Beethoven's importance in music has been principally defined bythe revolutionary nature of his compositions. He freed music fromhitherto prevailing conventions of harmony and structure. SometimesI feel in his late works a will to break all signs of continuity.The music is abrupt and seemingly disconnected, as in the lastpiano sonata. In musical expression, he did not feel restrained bythe weight of convention. (47)By all accounts he was a freethinkingperson, and a courageous one, and I find courage an essentialquality for the understanding, let alone the performance, of hisworks.

  This courageous attitude in fact becomes a requirement for theperformers of Beethoven's music. His compositions demand theperformer to show courage, for example in the use of dynamics.(48)Beethoven's habit of increasing the volume with an intensecrescendo and then abruptly following it with a sudden soft passagewas only rarely used by composers before him.

  Beethoven was a deeply political man in the broadest sense of theword. He was not interested in daily politics, but concerned withquestions of moral behavior and the larger questions of right andwrong affecting the entire society. (49)Especially significant washis view of freedom, which, for him, was associated with the rightsand responsibilities of the individual: he advocated freedom ofthought and of personal expression.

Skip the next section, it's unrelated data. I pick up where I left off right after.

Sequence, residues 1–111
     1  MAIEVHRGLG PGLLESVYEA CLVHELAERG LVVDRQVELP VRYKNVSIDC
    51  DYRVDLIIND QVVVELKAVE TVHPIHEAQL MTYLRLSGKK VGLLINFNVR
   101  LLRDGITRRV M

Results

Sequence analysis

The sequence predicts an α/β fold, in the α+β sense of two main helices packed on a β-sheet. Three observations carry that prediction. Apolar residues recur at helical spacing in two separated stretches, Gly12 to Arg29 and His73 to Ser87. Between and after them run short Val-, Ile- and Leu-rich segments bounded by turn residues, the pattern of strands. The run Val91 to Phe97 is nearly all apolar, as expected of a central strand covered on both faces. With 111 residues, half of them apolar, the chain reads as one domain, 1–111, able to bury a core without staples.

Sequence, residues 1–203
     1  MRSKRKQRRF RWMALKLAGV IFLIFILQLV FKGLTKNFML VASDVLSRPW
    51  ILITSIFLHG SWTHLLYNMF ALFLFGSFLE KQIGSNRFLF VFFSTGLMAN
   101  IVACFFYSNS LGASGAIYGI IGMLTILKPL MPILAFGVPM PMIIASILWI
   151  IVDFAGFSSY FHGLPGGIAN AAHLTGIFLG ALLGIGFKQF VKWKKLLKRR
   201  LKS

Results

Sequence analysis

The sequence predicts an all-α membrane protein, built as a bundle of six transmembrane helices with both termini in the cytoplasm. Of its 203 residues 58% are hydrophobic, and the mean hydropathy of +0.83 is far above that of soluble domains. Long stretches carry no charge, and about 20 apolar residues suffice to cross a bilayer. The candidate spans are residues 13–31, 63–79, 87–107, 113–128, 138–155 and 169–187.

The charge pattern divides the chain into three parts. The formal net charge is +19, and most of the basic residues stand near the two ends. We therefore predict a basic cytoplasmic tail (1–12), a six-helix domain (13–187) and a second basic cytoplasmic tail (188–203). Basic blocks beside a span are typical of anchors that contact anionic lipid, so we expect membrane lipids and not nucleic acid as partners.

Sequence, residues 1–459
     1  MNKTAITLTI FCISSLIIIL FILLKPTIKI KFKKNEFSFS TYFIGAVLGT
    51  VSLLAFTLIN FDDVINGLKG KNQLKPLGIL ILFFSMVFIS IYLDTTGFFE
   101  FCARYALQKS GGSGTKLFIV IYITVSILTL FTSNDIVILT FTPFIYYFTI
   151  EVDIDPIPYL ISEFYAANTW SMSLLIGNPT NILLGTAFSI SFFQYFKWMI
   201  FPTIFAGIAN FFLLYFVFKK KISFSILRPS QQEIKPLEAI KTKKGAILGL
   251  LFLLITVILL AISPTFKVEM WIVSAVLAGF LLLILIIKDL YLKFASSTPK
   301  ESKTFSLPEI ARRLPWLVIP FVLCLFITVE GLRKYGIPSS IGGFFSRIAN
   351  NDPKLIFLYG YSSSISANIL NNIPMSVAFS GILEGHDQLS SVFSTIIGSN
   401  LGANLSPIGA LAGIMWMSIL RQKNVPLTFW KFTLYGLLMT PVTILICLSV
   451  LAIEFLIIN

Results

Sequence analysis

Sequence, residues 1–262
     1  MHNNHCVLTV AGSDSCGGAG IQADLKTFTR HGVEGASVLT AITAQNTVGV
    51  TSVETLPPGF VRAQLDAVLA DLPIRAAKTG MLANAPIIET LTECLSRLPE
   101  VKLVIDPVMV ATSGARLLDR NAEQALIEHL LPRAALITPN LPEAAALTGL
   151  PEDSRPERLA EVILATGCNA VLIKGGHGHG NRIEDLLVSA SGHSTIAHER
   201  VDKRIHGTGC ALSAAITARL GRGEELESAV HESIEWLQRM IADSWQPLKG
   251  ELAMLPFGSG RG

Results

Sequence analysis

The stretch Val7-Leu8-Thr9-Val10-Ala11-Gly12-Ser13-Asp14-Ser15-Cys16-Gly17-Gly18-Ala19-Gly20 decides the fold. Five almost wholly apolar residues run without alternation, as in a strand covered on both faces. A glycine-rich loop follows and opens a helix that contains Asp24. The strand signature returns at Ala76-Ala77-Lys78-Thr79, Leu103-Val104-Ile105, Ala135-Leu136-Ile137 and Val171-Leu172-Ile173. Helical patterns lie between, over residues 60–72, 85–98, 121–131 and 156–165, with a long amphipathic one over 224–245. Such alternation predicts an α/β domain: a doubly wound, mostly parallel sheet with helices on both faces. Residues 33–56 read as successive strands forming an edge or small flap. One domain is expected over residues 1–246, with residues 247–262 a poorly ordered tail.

Beethoven's music tends to move from chaos to order as if orderwere an imperative of human existence. For him, order does notresult from forgetting or ignoring the disorders that plague ourexistence; order is a necessary development, an improvement thatmay lead to the Greek ideal of spiritual elevation. It is not bychance that the Funeral March is not the last movement of theEroica Symphony, but the second, so that suffering does not havethe last word. (50)One could interpret much of the work ofBeethoven by saying that suffering is inevitable, but the courageto fight it renders life worth living.7 R2q. C" e9 J

  , j)F4 V) ` o* s

  Section 3Writing

  Part A

  51. Directions:

  Write a letter of about 100 words to the president of youruniversity, suggesting how to improve students' physicalcondition.

  You should include the details you think necessary.

  You should write neatly on the ANSWER SHEET.

  Do not sign your own name at the end of the letter. Use "Li Ming"instead.

  Do not write the address. (10 points)

  Part B

  52. Directions:

  Write an essay of 160-200 words based on the following drawing.In your essay, you should

  1) describe the drawing briefly,

  2) interpret its intended meaning, and

  3) give your comments.

  You should write neatly on the ANSWER SHEET(20 points)